SA premier wants changes to abuse reports

Mandatory reporting of child abuse is clogging up the system and putting children experiencing severe abuse at even greater risk, says South Australia’s premier.


Jay Weatherill has called for a winding back of mandatory reporting as the state’s child abuse hotline struggles with tens of thousands of unanswered and abandoned calls.

A leading child advocacy group says the state government needs to get its act together, but the premier says that while mandatory reporting sounds good, it is swamping the child protection system.

“It’s the equivalent of having everyone going into the emergency waiting room at a busy hospital, everybody that’s got a heart attack all the way through to an ingrown toenail,” Mr Weatherill told radio station 5AA on Tuesday.

Mr Weatherill’s comments came as Family First MLC Robert Brokenshire revealed more than 15,000 calls to SA’s child abuse hotline had been abandoned in the past financial year and 85,000 went unanswered over the past four years.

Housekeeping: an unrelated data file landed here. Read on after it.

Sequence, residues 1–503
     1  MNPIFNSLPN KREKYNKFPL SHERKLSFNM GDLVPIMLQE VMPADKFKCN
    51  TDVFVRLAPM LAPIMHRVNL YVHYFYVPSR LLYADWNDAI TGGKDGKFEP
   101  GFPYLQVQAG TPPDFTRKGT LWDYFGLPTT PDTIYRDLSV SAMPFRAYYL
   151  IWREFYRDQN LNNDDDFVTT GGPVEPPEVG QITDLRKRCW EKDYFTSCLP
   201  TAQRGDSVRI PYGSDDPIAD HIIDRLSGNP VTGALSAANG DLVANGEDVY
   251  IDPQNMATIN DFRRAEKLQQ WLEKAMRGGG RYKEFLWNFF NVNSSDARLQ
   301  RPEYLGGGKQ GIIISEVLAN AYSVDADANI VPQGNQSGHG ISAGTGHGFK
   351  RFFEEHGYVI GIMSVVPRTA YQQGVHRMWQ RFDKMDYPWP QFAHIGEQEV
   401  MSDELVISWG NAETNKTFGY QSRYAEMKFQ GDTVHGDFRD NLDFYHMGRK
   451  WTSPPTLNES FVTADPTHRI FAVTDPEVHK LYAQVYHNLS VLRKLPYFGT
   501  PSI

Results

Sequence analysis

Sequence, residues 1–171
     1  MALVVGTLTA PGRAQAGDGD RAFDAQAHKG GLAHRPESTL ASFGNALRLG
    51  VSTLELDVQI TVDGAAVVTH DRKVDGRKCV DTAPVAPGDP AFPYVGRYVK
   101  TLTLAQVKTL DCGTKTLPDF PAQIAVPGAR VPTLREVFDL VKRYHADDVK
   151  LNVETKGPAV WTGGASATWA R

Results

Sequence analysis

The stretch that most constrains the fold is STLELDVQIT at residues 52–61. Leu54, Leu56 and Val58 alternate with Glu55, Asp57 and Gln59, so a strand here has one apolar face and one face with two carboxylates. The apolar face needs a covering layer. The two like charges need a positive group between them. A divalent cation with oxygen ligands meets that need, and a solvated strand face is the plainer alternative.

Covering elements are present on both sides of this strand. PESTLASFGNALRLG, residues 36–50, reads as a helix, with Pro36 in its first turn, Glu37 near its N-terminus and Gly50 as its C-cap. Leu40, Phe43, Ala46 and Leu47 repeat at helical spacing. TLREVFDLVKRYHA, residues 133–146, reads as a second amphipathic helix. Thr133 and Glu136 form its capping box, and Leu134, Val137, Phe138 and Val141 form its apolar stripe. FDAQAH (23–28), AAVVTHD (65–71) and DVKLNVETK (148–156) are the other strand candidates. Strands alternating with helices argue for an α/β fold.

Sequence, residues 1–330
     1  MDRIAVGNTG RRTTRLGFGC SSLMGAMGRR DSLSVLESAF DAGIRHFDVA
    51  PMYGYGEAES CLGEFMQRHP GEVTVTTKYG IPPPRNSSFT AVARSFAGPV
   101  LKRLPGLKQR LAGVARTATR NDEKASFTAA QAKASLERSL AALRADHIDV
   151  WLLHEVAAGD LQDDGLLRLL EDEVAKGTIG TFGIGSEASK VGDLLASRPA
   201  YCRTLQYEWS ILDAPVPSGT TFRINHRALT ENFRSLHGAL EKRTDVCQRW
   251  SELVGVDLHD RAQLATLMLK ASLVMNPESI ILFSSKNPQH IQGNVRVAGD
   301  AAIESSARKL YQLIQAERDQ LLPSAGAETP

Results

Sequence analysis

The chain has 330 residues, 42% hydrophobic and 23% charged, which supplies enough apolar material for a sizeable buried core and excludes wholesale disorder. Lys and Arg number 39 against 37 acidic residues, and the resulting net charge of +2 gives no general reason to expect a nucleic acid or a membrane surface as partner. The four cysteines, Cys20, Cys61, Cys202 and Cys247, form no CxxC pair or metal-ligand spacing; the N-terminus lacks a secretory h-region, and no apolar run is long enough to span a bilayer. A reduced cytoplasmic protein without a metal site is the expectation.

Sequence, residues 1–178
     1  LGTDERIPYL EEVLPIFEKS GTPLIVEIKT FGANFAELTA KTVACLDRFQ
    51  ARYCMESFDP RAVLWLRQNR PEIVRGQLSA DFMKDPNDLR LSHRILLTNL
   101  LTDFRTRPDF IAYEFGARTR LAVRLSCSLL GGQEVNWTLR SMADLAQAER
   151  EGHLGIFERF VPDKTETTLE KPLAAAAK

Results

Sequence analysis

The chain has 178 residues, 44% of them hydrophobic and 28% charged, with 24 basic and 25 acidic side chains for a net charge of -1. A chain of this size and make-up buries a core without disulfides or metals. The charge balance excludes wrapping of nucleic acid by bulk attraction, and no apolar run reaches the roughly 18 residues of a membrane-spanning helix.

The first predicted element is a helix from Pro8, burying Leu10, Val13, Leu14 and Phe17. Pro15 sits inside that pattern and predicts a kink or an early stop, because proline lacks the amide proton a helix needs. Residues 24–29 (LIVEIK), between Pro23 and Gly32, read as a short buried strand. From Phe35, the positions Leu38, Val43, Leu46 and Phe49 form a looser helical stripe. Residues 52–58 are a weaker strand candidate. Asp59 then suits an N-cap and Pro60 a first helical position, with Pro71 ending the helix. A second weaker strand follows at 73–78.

Mr Brokenshire said the premier’s remarks were “outrageous” and the problem was with the system itself.

“Don’t blame mandatory reporters for clogging the system,” he said.

“If a teacher or police officer or doctor believe that a child is at risk, then they mandatory report it and it’s up to the experts to work out the level of risk and the priority for attending to that child.”

Hetty Johnston, from child advocacy group Bravehearts, agreed the problem was not with mandatory reporting but with how the government manages information.

“Do we want mandatory reports to only apply if a child is nearly dead?” she told AAP.

“At what point does the child become at great risk and require a mandatory report?

“How many children are out there and being exposed to the most heinous of harm that we can’t respond to because we can’t get our act together?”

Opposition child protection spokeswoman Rachel Sanderson called on the government to increase funding for the child abuse hotline.

“An effective child protection system begins with an efficient reporting mechanism,” Ms Sanderson said.